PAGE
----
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Fast App Resume for Windows Phone 8

WinPhoAppLifecycleWindows Phone 8 allows users to open an application in various ways.  Obviously, you can open an application from a tile on your Start Screen or by selecting the icon from your application list. However, Windows Phone 8 will also put your application into a suspended state when you navigate away from it.  If you want to go back to your application you can either hit the back button or use the Task Switcher.  Since Windows Phone 8 will suspend your application into memory, when it loads back up, you get right back to the state you were in when you left.  Nice right?

Well, there is a gotcha.  When you navigate away from your application, and then go to open it back up using the Start Screen or application list, it will terminate the suspended application and start a new instance of your application, hence, loosing the state the application was in when you navigated away.  Not really what the user is expecting.  Bummer huh?

Guess, what?  There is a solution.  In Windows Phone 8, there is a new feature called Fast Resume.  This feature will tell the OS to resume the application if it is suspended, otherwise, open a new one.  The best part is that this feature is really easy to turn on, and very little effort is necessary to support it in your code.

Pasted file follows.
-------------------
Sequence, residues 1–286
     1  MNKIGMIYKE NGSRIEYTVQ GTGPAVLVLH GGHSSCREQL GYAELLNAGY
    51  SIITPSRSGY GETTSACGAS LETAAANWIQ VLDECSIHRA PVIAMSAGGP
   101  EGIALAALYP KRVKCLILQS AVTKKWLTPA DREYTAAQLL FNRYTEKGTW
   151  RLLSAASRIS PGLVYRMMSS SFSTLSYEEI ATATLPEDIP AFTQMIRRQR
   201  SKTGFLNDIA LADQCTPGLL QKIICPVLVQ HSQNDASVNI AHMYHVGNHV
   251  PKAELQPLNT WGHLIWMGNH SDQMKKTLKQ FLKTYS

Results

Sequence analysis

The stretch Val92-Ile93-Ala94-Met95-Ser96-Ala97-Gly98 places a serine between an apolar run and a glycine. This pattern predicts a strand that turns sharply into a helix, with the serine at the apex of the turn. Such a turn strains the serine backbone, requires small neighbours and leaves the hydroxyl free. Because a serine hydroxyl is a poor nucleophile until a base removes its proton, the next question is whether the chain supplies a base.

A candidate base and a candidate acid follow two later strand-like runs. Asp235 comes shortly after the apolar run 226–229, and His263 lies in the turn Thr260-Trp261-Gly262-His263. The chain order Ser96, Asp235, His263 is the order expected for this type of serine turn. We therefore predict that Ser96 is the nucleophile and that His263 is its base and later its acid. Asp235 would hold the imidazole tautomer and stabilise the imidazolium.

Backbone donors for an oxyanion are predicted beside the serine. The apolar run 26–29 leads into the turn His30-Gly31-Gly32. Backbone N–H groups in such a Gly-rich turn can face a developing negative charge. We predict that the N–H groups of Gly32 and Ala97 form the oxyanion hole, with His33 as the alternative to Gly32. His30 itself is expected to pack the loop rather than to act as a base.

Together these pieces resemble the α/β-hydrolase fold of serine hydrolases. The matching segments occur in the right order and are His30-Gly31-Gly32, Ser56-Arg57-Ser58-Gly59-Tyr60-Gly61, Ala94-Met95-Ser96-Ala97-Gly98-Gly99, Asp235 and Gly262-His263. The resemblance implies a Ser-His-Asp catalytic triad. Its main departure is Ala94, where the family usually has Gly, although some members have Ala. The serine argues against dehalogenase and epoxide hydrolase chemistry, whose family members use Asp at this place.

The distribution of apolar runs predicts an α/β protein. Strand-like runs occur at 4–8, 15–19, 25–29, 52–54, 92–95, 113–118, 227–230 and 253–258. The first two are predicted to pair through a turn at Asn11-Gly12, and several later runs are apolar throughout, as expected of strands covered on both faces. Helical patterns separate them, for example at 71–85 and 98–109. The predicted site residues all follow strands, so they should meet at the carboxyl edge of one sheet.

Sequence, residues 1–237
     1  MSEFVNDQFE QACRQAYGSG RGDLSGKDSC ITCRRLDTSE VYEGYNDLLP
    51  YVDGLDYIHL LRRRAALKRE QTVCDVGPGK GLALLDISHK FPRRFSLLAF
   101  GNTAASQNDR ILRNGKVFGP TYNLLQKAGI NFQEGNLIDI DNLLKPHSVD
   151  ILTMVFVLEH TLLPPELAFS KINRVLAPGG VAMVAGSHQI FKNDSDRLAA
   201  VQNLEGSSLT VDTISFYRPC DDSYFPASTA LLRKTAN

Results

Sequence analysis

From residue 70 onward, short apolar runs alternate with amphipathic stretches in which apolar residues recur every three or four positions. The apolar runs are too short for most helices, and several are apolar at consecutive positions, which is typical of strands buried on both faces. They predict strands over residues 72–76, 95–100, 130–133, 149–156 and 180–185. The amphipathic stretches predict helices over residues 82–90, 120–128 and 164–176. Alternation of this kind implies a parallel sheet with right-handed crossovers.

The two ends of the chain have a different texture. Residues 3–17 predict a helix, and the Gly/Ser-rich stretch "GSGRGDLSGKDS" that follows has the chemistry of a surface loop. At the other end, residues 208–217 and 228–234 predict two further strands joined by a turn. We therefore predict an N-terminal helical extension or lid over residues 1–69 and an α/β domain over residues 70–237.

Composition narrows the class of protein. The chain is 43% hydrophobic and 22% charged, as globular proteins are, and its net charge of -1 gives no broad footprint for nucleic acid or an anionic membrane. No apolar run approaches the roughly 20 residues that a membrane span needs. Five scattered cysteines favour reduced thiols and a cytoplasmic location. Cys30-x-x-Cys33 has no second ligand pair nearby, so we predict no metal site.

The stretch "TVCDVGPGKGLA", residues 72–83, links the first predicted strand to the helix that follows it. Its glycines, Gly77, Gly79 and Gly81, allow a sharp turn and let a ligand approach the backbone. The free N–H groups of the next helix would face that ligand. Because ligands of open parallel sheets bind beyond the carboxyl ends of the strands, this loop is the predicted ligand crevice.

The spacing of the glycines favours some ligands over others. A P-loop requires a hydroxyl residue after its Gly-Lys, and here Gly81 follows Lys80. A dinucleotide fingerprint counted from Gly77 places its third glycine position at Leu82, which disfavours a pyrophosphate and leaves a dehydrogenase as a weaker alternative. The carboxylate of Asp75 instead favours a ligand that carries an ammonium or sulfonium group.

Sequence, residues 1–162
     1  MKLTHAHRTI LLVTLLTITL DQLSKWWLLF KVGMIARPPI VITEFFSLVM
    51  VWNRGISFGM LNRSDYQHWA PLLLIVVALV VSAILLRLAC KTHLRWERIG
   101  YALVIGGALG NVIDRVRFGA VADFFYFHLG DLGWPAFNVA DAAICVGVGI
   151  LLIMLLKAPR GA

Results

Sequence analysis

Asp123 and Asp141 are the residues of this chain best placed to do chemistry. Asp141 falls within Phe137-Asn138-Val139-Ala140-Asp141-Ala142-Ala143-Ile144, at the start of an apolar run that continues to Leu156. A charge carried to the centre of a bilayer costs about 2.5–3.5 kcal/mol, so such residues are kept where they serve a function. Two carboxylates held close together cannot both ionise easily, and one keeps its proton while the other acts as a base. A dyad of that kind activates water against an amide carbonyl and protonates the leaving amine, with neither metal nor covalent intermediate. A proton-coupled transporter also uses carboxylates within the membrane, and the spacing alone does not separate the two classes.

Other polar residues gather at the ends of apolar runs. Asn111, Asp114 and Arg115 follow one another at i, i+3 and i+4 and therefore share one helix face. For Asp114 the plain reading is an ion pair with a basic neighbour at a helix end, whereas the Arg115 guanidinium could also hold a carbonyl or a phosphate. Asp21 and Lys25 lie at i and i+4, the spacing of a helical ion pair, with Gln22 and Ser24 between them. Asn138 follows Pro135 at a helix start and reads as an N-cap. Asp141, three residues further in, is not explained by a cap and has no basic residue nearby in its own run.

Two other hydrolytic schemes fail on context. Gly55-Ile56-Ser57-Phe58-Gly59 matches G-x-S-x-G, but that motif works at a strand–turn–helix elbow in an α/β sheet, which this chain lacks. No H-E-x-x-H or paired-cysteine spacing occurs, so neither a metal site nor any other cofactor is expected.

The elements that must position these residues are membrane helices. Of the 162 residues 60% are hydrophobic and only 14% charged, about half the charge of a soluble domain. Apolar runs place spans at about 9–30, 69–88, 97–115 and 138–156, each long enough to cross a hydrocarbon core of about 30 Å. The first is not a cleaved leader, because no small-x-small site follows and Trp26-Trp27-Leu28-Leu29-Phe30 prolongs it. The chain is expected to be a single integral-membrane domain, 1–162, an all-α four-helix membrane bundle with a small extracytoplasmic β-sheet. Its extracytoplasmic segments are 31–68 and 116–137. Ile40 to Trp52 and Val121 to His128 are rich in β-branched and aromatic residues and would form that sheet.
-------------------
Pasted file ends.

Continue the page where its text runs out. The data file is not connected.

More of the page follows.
Let’s take a look.

I am going to assume that you are at the least familiar with creating a Windows Phone 8 Project.  So, go ahead and create a new Windows Phone 8 project.  Once you have created a new project, enabling Fast Resume is pretty straight forward.  However, before we do that, let’s just add a couple of things to our application that will allow us to see if things actually work.

First, let’s add a second page to the application.  Right click on the project, select Add and then select New Item….

AddNewItem

Now, select Windows Phone Portrait Page and then Add.  We can leave the Name, Page1.xaml.

AddNewPage

From here, let’s quickly change the title of the page to Test Page.  This will be the page we navigate to before we leave the application.

ChangePageTitle

Let’s also update the main page, mainpage.xaml, by changing the title to Main Page and adding a button that we will use to navigate to our new test page.

MainPage

Double click on the button and an event handler, Button_Click(),  will be added to your mainpage.xaml.cs file like below:

   1: public partial class MainPage : PhoneApplicationPage
   2:     {
   3:         // Constructor
   4:         public MainPage()
   5:         {
   6:             InitializeComponent();
   7:
   8:             // Sample code to localize the ApplicationBar
   9:             //BuildLocalizedApplicationBar();
  10:         }
  11:
  12:         private void Button_Click(object sender, RoutedEventArgs e)
  13:         {
  14:         }
  15: :
  16: :

Change the Button_Click event to navigate to our test page like below:

   1: private void Button_Click(object sender, RoutedEventArgs e)
   2: {
   3:     NavigationService.Navigate(new Uri("/Page1.xaml", UriKind.Relative));
   4: }